Abstract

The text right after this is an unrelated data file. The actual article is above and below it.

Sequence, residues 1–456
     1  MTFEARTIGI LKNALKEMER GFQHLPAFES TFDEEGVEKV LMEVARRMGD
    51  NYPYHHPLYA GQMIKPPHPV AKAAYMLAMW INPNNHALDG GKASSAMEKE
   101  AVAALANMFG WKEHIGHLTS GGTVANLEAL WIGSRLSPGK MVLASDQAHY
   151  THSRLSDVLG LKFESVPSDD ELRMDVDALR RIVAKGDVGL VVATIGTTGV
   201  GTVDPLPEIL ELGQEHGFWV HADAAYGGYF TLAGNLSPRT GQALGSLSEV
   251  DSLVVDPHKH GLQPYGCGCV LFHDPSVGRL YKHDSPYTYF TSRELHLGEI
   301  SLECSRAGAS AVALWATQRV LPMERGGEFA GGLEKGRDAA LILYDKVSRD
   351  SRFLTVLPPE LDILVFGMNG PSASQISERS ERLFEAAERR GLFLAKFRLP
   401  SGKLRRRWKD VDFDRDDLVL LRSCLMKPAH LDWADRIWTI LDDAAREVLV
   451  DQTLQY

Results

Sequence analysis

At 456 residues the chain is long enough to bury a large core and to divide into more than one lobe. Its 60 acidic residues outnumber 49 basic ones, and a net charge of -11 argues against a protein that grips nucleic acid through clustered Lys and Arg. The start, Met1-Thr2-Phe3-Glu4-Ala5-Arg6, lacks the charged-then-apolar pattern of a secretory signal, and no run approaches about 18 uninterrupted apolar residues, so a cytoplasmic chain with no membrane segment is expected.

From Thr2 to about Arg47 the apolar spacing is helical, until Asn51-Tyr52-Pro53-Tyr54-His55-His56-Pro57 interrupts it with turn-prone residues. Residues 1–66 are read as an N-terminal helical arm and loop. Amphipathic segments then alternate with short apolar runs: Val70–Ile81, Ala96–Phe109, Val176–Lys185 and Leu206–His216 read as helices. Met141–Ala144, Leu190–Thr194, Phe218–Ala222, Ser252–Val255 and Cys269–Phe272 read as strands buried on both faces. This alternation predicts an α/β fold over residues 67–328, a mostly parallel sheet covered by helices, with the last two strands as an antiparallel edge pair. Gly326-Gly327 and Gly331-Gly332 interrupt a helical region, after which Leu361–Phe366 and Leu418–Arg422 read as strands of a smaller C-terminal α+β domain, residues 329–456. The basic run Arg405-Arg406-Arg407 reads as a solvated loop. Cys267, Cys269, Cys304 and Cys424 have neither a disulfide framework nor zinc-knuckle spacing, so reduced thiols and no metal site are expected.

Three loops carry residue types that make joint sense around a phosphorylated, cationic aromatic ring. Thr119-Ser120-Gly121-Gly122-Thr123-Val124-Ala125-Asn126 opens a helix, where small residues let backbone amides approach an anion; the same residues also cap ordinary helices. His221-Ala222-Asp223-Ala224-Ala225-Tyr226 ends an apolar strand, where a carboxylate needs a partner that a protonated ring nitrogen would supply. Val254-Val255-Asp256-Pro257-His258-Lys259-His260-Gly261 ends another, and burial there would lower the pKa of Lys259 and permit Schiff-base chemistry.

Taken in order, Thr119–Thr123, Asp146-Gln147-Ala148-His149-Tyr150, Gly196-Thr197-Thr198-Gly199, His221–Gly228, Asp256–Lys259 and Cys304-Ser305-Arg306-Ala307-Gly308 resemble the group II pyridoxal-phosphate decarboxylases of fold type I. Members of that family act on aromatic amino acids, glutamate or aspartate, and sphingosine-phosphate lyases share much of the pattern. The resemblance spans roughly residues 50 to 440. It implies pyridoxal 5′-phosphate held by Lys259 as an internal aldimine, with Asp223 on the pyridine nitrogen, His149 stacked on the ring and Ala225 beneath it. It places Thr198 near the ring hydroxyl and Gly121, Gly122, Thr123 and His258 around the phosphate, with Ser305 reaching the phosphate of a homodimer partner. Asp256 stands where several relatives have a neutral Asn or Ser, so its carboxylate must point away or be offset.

According to cross-national research, Protestantism has significantly contributed to global democratization. While Protestantism does not inevitably cause democratization, it often generates social dynamics that favor it. Some of the most important of these are: 1) the rise of religious pluralism; 2) the development of democratic theory and practice; 3) the development of civil society; 4) the spread of mass education; 5) printing and the origins of a public sphere; 6) the reduction of corruption; and 7) economic development. The article explores how Protestant groups, including Protestant missionaries, have promoted these dynamics in the past. It also argues that contemporary Protestant movements—particularly Pentecostalism—are continuing to do so in the present, though with less dramatic results.

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